Just as we had to postulate positive ether and negative ether as auxiliary causes for motion and rest respectively, so also we have to postulate them to distinguish between universe and supra- universe. Without this postulation we cannot get a logical solution to their separation.

Kundakundacharya has written, “Universe is a finite entity and beyond it, is an infinite supra-universe. That is why, in order to preserve the organized existence of the material and non-material worlds, there has to be some substance other than space, because, if space was the medium of motion and rest, then there would not be any supra-universal space (alokākāśa) and the universe, in the form of “cosmos” and not “chaos”, also would not exist.”[7]

It is an eternal truth that there exists a distinction between universe and supra-universe, and therefore, it follows that the distinguishing substance also has to be eternal. It cannot be an artificial substance. The distinguishing substance has to be found from the six eternal substances mentioned above.

Now, if we consider space as the distinguishing substance, it would not be appropriate as space itself is a substance which has to be distinguished (divided) and as such it cannot act as a cause of division.

If we consider time as distinguishing substance, that also would not be logical because time, from transcendental point of view, is merely a mode of jīvas and ajīvas. It is merely a virtual substance. Virtual time is confined to the limited portion of the universe while real (transcendental) time pervades through both, the universe and supra-universe[8]

Matter and sentient beings are capable of motion and as such are not appropriate to act as distinguishing substance.

Thus, four substances, out of the six, are eliminated leaving only dharmāstikāya and adharmāstikāya as the substances that could be distinguishing substances.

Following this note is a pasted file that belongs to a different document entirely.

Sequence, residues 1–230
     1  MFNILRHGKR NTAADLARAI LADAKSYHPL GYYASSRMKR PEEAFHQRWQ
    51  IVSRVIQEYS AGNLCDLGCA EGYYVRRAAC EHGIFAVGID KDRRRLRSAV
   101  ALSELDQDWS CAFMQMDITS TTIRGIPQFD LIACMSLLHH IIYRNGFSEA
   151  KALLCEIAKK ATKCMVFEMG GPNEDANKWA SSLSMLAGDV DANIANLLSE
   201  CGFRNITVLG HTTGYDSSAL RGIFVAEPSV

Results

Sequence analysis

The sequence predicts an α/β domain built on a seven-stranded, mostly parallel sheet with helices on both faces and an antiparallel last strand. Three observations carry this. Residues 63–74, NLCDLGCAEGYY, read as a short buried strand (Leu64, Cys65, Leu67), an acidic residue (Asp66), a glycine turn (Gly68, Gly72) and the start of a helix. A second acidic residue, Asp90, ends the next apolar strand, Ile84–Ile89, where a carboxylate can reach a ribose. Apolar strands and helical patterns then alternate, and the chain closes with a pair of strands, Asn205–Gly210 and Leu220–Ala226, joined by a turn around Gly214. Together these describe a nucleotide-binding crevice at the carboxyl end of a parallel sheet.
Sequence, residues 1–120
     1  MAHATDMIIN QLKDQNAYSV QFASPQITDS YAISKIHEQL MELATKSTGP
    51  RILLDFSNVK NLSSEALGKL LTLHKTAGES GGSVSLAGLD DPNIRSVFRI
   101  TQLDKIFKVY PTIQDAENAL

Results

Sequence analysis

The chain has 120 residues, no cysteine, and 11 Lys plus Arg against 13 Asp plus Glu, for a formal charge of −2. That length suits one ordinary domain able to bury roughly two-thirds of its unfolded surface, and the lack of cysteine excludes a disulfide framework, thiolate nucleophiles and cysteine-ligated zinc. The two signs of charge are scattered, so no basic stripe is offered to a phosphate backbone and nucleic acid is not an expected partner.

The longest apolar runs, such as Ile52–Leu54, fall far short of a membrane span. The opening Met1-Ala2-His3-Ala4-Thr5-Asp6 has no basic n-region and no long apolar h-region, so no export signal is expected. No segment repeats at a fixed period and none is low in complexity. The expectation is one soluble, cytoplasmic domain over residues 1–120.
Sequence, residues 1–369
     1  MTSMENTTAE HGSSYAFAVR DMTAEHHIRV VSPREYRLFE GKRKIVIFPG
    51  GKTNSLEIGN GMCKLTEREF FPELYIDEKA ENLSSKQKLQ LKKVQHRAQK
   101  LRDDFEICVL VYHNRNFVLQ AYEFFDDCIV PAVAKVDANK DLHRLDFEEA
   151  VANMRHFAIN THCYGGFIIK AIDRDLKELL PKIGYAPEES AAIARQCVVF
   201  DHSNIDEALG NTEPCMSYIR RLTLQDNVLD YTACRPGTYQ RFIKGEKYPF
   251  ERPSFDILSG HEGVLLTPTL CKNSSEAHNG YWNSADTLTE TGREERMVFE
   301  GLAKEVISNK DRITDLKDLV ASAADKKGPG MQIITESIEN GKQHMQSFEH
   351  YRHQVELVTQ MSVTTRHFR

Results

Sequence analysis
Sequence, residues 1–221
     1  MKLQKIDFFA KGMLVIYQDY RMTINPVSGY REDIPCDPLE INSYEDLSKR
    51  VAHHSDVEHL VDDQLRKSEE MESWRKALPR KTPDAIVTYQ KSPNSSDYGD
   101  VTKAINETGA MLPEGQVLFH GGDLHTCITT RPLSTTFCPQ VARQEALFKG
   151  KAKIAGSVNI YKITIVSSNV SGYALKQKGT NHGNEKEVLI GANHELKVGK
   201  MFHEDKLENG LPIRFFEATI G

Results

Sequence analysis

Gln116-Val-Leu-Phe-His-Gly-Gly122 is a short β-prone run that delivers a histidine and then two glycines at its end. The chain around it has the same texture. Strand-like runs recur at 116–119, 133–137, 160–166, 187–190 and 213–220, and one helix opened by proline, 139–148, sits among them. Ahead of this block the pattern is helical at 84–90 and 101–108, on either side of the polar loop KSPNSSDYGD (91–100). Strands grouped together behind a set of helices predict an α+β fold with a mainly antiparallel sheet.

On the above basis, dharmāstikāya and adharmāstikāya have been accepted as the auxiliary causes of motion and rest, respectively and also as distinguishing substances for universe and supra-universe.[9]

To summarise above: dharmāstikāya (positive ether), adharmāstikāya (negative ether), ākāśa (space), kāla (time), Pudgalāstikāya (matter), and Jīvāstikāya (soul)--the universe made of these six substances is finite. There is a sea of infinite supra universal space beyond this finite universe. In absence of ethers, this supra-universe does not allow motion or rest, of matter or souls, to take place in it.


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Title: The Enigma Of The Universe Publisher: JVB University Ladnun English Edition: 2010 HN4U Online Edition: 2014

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Page glossary
Some texts contain  footnotes  and  glossary  entries. To distinguish between them, the links have different colors.
  1. Adharmāstikāya
  2. Alokākāśa
  3. Ananta
  4. Asaṃkhyāta
  5. Body
  6. Concentration
  7. Consciousness
  8. Dharmāstikāya
  9. Doṣa
  10. Ether
  11. Gautama
  12. JAINA
  13. Jain Cosmology
  14. Jain Philosophy
  15. Jaina
  16. Jīva
  17. Jīvāstikāya
  18. Kāla
  19. Lokākāśa
  20. Mahāvīra
  21. Pradeśas
  22. Pudgala
  23. Pudgalāstikāya
  24. Science
  25. Soul
  26. Space
  27. Āgamas